Solar System Orbits

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One of the International Astronomical Union’s (IAU) requirements for a celestial body to be classified as a planet (or a dwarf planet) is that it orbits the Sun. All of the planets have different orbits, which affect many of the planets’ other characteristics.

Since Pluto became a dwarf planet, Mercury is the planet with the most eccentric orbit. The eccentricity of an orbit is the measurement of how different the orbit is from a circular shape. If an orbit is a perfect circle, its eccentricity is zero. As the orbit becomes more elliptical, the eccentricity increases. Mercury’s orbit ranges from 46 million kilometers from the Sun to 70 million kilometers from the Sun.

Venus, which is right next to Mercury, has the least eccentric orbit of any of the planet in the Solar System. Its orbit ranges between 107 million km and 109 million km from the Sun and has an eccentricity of .007 giving it a nearly perfect circle for its orbit.

Earth also has a relatively circular orbit with an eccentricity of .017. Earth has a perihelion of 147 million kilometers; the perihelion is the closest point to the Sun in an object’s orbit. Our planet has an aphelion of 152 million kilometers. An aphelion is the furthest point from the Sun in an object’s orbit.

Mars has one of the most eccentric orbits in our Solar System at .093. Its perihelion is 207 million kilometers, and it has an aphelion of 249 million kilometers.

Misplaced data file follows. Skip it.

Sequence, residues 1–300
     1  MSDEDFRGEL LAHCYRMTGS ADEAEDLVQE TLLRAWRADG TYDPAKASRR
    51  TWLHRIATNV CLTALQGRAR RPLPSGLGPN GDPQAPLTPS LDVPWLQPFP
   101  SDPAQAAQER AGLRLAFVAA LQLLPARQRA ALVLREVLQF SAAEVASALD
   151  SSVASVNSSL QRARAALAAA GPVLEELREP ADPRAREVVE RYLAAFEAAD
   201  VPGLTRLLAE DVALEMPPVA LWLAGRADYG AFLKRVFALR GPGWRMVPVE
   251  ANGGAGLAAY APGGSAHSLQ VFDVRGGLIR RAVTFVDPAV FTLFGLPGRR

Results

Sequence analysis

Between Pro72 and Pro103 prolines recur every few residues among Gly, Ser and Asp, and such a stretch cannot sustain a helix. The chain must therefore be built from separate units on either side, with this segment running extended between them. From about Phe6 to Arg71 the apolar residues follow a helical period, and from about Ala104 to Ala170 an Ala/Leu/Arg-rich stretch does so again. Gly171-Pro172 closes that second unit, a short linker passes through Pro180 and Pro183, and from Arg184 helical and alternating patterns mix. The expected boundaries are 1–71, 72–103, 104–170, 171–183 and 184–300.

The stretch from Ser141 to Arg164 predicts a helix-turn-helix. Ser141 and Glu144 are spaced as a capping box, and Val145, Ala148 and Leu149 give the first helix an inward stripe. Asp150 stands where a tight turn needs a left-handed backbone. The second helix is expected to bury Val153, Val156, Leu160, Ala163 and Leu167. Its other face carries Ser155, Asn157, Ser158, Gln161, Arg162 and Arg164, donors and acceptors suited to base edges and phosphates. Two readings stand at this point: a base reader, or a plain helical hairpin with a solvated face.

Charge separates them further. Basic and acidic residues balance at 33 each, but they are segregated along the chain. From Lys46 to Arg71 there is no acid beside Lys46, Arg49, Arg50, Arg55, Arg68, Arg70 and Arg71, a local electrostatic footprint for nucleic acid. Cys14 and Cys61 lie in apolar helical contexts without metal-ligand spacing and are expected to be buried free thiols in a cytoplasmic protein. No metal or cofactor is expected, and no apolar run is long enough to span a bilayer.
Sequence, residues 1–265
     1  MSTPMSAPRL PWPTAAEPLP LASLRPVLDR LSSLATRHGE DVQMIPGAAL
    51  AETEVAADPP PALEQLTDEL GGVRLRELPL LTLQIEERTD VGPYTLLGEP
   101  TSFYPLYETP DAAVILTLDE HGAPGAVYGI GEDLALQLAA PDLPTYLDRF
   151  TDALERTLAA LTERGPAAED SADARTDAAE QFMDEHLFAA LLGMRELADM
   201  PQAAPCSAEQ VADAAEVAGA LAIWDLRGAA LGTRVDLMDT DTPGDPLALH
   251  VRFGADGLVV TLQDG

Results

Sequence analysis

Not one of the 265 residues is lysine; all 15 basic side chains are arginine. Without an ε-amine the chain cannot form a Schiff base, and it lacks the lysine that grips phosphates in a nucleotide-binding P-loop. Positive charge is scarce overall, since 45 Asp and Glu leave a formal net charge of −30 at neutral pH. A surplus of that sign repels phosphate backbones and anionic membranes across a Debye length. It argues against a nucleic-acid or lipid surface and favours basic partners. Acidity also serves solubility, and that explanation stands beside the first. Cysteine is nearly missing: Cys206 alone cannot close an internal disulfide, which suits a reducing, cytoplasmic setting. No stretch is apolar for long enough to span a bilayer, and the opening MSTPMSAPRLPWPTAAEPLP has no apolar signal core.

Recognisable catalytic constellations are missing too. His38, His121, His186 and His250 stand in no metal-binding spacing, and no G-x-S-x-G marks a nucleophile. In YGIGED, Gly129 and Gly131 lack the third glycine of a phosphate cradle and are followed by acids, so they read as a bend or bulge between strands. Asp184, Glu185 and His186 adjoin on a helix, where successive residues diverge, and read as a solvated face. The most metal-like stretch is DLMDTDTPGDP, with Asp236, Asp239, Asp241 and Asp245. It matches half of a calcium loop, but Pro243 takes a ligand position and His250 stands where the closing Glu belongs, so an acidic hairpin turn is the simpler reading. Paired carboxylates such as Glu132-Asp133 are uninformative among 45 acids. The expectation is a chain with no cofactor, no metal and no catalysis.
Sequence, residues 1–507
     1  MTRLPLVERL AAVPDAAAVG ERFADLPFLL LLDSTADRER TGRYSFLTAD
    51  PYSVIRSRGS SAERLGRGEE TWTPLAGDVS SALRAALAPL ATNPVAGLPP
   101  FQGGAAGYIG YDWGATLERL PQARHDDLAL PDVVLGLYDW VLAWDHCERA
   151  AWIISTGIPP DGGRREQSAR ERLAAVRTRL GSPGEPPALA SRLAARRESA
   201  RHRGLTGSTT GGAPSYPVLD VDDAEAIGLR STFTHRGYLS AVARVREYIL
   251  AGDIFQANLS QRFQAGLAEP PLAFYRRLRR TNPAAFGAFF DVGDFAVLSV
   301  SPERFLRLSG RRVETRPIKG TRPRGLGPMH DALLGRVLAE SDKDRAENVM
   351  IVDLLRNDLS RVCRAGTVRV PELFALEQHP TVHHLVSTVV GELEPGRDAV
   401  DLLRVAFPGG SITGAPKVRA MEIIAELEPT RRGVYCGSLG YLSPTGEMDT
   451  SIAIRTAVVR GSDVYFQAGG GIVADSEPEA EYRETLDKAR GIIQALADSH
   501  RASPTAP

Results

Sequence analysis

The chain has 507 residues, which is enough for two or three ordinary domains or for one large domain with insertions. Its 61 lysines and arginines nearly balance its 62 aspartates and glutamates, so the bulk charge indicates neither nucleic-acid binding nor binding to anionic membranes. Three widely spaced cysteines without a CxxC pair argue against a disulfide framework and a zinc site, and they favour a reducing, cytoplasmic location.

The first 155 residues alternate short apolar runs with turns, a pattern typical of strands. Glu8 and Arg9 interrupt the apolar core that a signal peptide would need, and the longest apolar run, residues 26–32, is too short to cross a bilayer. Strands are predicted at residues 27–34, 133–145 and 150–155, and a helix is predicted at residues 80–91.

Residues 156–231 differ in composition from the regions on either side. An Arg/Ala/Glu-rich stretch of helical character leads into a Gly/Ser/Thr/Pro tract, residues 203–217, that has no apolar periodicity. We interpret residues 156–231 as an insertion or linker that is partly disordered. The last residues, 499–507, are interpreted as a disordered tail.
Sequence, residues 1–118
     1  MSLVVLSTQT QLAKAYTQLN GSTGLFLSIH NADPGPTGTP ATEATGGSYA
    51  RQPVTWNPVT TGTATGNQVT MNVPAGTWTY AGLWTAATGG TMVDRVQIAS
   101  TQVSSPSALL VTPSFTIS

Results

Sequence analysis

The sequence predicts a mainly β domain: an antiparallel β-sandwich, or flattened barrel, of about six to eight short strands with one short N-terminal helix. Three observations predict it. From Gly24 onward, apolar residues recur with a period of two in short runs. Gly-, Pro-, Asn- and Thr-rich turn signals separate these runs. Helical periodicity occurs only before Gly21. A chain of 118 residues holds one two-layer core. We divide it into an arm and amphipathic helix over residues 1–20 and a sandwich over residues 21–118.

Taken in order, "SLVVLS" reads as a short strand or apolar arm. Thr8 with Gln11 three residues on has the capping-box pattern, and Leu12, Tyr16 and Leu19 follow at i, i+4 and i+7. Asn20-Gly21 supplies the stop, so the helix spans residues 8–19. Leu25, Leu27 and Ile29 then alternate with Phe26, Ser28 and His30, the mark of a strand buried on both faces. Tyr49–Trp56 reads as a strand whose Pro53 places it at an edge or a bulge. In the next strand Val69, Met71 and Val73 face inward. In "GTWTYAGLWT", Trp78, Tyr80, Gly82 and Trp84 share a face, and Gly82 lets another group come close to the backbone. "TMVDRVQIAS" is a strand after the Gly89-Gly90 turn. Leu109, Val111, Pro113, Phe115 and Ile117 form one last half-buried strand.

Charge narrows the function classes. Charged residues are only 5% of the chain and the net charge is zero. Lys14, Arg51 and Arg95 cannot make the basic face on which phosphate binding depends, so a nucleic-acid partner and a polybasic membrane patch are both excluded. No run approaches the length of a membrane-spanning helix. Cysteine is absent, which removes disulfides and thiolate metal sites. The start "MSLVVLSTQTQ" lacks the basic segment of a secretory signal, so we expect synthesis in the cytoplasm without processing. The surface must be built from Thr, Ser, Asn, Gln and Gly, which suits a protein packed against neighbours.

Jupiter has a perihelion of 741 million kilometers and an aphelion of 778 million kilometers. Its eccentricity is .048. Jupiter takes 11.86 years to orbit the Sun. Although this seems a long time compared to the time our own planet takes to orbit, it is only a fraction of the time of some of the other planets’ orbits.

Saturn is 1.35 billion kilometers at its perihelion and 1.51 billion kilometers from the Sun at its furthest point. It has an eccentricity of .056. Since it was first discovered in 1610, Saturn has only orbited the Sun 13 times because it takes 29.7 years to orbit once.

Uranus is 2.75 billion miles from the Sun at its closest point and 3 billion miles from the Sun at its aphelion. It has an eccentricity of .047 and takes 84.3 years to orbit the Sun. Uranus has such an extreme axial tilt (97.8°) that rotates on its side. This causes radical changes in seasons.

Neptune is the furthest planet from the Sun with a perihelion of 4.45 billion kilometers and an aphelion of 4.55 billion kilometers. It has an eccentricity of .009, which is almost as low as Venus’ eccentricity. It takes Neptune 164.8 years to orbit the Sun.

Universe Today has articles on orbits of the planets and asteroid orbits.

For more information, check out articles on an overview of the Solar System and new planet orbits backwards.

Astronomy Cast has episodes on all the planets including Mercury.

References:
NASA: Transits of Mercury
NASA: Solar System Math
NASA: Mars, You’re So Complicated
NASA Solar System Exploration

Orbits of the Planets

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Centuries ago, people believed that the Earth was the center of the Solar System. Slowly, that view was replaced with the heliocentric view. With that change came the realization that the planets orbit the Sun.